REDRESS Trust and Avocats Sans Frontières, under the auspices of the NGO Victims' Rights Working Group and with the support of Finland and the United Kingdom, organized an event around the topical issue of Legal Representation of Victims at the ICC and Beyond.

Finally the topic of Climate Ecocide: A Crime of Our Time was addressed in a side event organized by the Institute of Environmental Security and Ecological Defence Integrity.

The Tweets From Day 3

Tomorrow at ASP

The ASP continues tomorrow, Thursday 7 December, with the continuation of the General Debate at 10 am.

Civil society will deliver statements during the General Debate, raising key positions to inform the decision-making process of states for the remainder of the ASP session. NGOs will also raise concerns that are not prominently featured - if at all - on the ASP program. All statements will be made available on the website of the ASP.

A second round of informal consultations on the activation of the crime of aggression will wrap up the day. 

Thursday boasts another full day of side events including:

Global Civil Society & European States: How to advance International Justice?, co-hosted by Estonia, European Union and the Coalition for the International Criminal Court.

Global Launch of the Gender Justice Legacy Wall, co-hosted by New Zealand, Republic of Korea, Switzerland, the United Kingdom, and the Women’s Initiatives for Gender Justice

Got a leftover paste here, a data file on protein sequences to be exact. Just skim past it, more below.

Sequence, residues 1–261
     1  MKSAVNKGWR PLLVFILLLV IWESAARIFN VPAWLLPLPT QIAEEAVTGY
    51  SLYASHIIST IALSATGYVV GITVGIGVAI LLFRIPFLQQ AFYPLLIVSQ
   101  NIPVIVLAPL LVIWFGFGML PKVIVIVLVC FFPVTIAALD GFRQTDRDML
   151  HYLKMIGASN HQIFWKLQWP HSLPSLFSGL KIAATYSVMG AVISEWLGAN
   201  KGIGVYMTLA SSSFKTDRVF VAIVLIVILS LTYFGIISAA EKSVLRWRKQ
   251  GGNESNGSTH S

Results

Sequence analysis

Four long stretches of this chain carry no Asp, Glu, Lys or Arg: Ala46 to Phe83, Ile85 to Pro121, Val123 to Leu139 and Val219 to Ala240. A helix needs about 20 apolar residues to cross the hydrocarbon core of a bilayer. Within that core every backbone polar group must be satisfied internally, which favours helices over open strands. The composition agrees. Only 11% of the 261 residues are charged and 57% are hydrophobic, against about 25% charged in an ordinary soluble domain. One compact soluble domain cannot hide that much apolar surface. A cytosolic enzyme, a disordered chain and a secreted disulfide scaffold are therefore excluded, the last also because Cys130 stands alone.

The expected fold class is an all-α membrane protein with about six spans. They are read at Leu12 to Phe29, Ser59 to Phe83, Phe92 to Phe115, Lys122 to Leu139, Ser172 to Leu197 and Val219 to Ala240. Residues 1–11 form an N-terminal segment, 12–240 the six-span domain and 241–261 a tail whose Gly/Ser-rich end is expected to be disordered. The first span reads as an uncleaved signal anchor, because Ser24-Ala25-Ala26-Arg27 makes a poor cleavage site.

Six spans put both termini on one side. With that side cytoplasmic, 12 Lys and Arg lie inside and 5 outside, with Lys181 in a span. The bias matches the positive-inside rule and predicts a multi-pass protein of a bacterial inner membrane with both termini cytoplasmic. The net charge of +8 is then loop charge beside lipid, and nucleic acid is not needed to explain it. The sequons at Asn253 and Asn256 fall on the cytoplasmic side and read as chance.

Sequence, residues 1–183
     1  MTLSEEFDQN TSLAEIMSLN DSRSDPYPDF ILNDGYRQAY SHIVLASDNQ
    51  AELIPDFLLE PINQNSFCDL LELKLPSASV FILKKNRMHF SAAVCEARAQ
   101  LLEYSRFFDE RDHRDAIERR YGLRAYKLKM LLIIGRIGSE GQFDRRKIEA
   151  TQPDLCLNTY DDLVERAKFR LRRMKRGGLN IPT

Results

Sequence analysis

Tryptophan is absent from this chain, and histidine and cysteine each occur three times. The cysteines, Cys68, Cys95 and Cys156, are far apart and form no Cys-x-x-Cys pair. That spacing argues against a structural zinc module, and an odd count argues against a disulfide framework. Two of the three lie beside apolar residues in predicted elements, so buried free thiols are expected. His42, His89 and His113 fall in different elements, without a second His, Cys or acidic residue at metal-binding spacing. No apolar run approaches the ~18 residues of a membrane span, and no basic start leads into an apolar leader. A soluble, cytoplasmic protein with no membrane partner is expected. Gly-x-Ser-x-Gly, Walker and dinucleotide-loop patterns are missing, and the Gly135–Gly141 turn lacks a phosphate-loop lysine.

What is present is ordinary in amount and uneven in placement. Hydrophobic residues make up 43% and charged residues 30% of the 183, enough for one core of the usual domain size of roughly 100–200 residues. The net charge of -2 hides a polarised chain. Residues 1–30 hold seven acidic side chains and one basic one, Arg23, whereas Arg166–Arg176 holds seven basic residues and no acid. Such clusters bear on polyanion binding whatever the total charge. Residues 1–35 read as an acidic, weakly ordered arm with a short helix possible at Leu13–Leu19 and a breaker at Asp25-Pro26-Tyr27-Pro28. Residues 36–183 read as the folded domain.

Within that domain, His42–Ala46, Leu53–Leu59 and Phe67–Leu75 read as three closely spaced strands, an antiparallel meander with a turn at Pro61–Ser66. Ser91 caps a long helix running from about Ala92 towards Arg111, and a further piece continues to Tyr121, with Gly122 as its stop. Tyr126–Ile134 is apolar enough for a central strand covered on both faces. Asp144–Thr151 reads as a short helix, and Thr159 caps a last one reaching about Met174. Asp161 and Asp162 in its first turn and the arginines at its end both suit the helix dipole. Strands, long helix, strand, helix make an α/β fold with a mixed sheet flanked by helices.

The Need for International Criminal Court Intervention in Extrajudicial Killings for Drug Offenses, hosted by Help Not Handcuffs, Inc. and Students for Sensible Drug Policy.

Augmented Funding for the ICC, co-hosted by Center for International Human Rights, Northwestern Pritzker School of Law.

The MLA-initiative: Towards a new Multilateral Treaty for Mutual Legal Assistance and Extradition for Domestic Prosecution of the Most Serious International Crimes, co-hosted by Argentina, Belgium, Mongolia, the Netherlands, Senegal, and Slovenia.

International Nuremberg Principles Academy, co-hosted by Germany and the International Nuremberg Principles Academy.

Victims of Hissène Habré: the struggle for reparations continues, co-hosted by Switzerland, Africa Legal Aid, Association tchadienne pour la promotion et la défense des droits de l’Homme, Human Rights Watch, and REDRESS.

Weaving the Strands - Domestic, Regional, Hybrid, and ICC Justice, co-hosted by Finland, Germany, the Netherlands, Norway, Switzerland, the United Kingdom, the Wayamo Foundation, and the Africa Group for Justice and Accountability.

Options for Justice: Designing Accountability Mechanisms for Grave Crimes, co-hosted by Liechtenstein and the Open Society Justice Initiative.